In biology, there’s something called a feedback loop. If a feedback loop is positive in any given ecosystem, the survival rate of a particular organism increases. If the feedback loop is negative–it cannot.
Similarly, businesses rely on a positive feedback loop from all elements. The most important of which are its employees. Dr. Albert Amini, founder and president of Arizona Premier Surgery says in his video on creating win-wins.
In this article, we’ll explore ways to tap into your current and potential team member’s source of motivation and how to harness and optimize it to create endless win-win scenarios for them and your business.
#1 Restructure The Interview Process
Showing up with a list of questions geared toward a very specific role isn’t going to work for your business anymore.
The problem with cookie-cutter, premeditated, overly structured questions is that it narrows your focus. It can eliminate an intuitive connection to a potential team member and it keeps you from recognizing that someone interviewing for a sales position may be your next leading exec.
People aren’t interested in the boxes that a job title might put them in. Think of interviews as the most expensive blind date you’ve ever been on. You wouldn’t run down a checklist hoping your date ticks all of your boxes.
Before listing everything you’re looking for, potentially skewing what they’ll choose to share, get to know them. What are their long-term professional goals? What are they hoping to learn at your organization? And then when the moment’s right, hit them with what performance coach, Lou Adler coins as The Most Important Interview Question of All Time.
What single project or task would you consider the most significant accomplishment in your career so far?
Let them go on and on with this opportunity to brag. Discover which parts of the scenario made them feel most valuable. Listen for what their passionate about, good at, and curious for.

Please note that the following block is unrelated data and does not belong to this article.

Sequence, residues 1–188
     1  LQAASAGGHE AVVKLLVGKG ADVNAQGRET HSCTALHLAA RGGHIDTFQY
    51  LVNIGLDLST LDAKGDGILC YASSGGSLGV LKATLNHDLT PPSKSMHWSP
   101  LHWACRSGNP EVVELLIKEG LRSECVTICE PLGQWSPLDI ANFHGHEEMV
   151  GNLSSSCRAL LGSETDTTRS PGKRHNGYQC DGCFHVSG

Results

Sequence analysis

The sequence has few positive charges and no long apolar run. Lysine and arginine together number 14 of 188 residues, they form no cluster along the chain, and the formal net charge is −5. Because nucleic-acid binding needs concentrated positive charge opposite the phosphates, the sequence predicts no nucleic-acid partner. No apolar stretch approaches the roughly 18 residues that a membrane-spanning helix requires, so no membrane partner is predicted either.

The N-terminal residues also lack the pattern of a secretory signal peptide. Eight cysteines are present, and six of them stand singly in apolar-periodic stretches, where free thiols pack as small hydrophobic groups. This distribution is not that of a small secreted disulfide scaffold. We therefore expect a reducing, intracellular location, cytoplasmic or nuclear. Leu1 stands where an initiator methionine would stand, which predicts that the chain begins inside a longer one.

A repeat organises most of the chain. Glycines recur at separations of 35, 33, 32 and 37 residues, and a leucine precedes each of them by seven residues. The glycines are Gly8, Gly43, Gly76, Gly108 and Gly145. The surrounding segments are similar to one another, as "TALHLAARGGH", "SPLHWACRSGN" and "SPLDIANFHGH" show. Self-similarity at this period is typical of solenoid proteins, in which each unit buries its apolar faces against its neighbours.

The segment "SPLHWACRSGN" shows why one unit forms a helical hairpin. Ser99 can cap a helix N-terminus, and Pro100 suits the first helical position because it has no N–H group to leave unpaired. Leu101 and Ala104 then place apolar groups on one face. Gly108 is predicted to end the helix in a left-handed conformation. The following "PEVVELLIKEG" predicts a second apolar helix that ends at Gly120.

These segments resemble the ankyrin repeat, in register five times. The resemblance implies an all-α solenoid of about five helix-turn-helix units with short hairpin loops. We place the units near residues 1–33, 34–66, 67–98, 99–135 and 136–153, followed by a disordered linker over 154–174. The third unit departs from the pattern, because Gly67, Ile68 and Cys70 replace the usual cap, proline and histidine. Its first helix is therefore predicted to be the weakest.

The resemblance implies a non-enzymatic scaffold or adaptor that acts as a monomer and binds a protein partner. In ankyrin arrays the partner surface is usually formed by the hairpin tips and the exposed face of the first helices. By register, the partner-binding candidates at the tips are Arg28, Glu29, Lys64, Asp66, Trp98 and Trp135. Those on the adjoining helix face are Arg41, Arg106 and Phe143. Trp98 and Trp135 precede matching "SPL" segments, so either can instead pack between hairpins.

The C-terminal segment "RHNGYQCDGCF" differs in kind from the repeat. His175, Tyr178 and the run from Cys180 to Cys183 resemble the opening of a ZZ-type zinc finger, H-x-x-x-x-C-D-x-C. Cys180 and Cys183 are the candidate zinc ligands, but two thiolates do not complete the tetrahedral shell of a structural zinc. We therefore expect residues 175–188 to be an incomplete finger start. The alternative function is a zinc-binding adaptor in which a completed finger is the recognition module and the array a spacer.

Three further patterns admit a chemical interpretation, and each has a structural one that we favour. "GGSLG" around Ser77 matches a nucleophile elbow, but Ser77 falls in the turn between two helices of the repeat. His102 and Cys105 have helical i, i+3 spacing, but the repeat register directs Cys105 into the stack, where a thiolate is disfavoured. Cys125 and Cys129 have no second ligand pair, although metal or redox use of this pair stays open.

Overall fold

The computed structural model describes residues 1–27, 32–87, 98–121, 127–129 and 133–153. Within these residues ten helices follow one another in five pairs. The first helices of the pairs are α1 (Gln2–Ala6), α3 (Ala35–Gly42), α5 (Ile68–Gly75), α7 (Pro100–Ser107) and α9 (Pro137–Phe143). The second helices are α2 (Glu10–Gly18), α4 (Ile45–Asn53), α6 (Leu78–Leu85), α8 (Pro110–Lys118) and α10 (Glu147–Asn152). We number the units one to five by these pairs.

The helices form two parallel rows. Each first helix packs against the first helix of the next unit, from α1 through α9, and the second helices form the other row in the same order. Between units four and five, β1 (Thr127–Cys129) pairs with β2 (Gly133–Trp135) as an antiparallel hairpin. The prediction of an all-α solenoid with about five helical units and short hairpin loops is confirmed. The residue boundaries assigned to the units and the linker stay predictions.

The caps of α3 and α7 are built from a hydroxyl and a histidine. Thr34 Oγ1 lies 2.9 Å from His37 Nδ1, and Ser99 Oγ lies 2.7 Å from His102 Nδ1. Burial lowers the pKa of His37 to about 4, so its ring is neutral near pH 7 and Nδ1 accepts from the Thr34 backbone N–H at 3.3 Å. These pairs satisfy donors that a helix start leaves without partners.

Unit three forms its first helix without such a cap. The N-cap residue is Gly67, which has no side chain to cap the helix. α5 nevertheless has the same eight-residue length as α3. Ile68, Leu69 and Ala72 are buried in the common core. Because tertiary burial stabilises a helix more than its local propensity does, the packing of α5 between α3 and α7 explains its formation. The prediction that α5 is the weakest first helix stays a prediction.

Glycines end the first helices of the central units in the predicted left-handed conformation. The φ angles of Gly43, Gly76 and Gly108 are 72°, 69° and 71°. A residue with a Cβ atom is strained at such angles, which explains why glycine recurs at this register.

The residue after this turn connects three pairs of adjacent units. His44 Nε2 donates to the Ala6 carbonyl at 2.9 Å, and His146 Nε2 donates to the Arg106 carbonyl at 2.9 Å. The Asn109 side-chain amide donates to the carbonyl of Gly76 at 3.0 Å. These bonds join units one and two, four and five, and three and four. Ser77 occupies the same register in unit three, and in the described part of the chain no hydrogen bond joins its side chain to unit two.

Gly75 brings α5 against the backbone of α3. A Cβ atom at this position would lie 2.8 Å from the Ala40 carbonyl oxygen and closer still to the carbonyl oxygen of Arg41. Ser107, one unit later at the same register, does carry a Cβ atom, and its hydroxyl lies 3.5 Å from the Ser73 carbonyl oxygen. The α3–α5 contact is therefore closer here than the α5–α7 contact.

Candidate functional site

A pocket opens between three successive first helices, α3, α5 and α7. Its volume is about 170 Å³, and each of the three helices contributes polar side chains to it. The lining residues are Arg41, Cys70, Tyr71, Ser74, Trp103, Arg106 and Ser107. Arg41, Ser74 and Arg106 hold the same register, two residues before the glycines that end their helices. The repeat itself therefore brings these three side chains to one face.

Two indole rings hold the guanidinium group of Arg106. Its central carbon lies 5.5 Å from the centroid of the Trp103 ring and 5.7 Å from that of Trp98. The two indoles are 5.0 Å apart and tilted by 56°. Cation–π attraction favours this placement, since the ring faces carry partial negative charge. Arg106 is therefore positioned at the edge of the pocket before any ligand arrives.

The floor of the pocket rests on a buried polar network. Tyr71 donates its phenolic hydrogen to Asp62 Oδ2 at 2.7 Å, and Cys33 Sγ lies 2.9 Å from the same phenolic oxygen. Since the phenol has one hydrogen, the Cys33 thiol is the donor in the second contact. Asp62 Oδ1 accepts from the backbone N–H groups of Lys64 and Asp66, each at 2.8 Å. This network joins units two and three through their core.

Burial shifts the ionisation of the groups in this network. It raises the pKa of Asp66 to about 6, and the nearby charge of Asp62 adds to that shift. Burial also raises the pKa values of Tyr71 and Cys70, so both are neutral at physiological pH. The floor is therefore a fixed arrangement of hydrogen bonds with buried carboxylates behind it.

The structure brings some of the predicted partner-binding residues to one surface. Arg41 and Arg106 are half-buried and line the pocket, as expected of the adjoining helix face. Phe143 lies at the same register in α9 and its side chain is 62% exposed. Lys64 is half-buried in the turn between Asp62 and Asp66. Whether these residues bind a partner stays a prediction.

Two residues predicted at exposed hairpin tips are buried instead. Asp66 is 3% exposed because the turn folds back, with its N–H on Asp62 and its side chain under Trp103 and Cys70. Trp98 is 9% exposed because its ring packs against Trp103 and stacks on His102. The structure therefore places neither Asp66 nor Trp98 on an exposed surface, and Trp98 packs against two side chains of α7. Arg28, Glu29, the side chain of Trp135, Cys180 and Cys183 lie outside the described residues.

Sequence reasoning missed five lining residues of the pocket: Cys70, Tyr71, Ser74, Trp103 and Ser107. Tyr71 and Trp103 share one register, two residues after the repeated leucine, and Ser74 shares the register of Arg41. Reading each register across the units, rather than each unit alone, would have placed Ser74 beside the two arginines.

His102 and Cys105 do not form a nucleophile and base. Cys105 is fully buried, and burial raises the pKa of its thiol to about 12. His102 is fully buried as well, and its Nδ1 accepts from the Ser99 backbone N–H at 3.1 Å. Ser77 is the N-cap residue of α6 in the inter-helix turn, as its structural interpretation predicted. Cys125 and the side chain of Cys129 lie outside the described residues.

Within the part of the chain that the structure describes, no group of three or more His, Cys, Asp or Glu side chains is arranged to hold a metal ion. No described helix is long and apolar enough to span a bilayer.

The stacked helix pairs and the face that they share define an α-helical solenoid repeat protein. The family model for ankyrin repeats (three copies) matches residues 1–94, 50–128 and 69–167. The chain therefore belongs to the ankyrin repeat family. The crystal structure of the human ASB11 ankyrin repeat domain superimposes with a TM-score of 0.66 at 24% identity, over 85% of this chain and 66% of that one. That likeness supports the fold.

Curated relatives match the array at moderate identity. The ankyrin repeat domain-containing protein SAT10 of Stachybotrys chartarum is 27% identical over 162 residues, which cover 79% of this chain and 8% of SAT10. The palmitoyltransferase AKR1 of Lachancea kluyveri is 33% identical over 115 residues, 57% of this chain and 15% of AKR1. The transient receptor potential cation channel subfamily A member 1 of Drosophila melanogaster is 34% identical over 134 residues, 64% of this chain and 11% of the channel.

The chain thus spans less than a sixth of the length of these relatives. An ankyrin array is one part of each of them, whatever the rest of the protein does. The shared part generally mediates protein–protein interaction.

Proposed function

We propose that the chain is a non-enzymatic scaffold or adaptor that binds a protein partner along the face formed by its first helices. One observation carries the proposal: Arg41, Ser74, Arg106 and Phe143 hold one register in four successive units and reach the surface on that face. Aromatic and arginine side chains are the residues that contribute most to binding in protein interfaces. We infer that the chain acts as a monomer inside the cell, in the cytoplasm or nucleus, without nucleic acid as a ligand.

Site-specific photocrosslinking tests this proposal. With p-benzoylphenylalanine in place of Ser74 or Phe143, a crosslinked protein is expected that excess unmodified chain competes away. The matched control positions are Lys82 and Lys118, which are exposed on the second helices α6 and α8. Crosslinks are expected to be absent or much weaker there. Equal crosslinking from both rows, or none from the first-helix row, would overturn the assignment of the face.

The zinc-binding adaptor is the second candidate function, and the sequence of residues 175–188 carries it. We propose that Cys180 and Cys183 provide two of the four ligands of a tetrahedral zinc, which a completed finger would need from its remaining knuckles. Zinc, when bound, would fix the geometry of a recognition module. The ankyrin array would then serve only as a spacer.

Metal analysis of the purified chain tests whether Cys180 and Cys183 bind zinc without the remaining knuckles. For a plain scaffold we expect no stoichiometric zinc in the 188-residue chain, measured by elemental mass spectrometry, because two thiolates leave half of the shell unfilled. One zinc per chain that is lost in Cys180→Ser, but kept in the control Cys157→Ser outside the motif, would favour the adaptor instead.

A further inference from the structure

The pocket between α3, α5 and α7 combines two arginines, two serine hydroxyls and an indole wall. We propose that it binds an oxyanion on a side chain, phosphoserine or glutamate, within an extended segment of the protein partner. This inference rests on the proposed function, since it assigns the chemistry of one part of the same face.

You’ve now accessed their motivation–the very powerhouse of what will drive your business to success when applied effectively.
#2 Check-ins, Feedback, and Opportunities
Conducting interviews doesn’t end at the hiring process. Individual check-ins are a critical investment of your time. Regularly check in with your team by conducting one-on-ones. It’s not enough to merely observe employee performance.
Encourage them to open up about where they may feel they aren’t getting the support they need, where they’re excelling, and be inquisitive of their goals and if they’ve changed.
Establish a relationship with your team members so they have a safe place to vent, share concerns, and ideas. All of which will help you become a more effective and productive leader.
#3 Create a Work Culture You Believe In
When you’ve assembled a team that is optimizing their talents and are striving for personal and organizational excellence– the work culture is the next part of the loop to be addressed.
Mission statements are a concise way to express collective values, goals, and beliefs–but that’s just a part of what makes a professional ecosystem thrive. Instead of blanket statements and soldier-like uniformity, the modern business model calls for diversification and authenticity amongst employees.
Stephanie McCarty, CCO of Taylor Morrison believes authenticity is a necessity in corporate America.
Authentic leadership is a critical first step toward a positive work culture. Aspects of an authentic leader include:
- – Transparency
- – Self-awareness
- – Consistent moral perspective
- – Fair-mindedness
Cultivating these leadership qualities begins with self-reflection, a straight-forward approach to yourself and others, as well as a deep conviction toward honesty and trustworthiness.
The ultimate feedback loop for a successful business includes a driving motivational factor and a wide range of opportunities to grow, create, and contribute. Apply these 3 tips when leading your team to develop an authentic work environment that encourages your team to thrive pulling your business upward with them.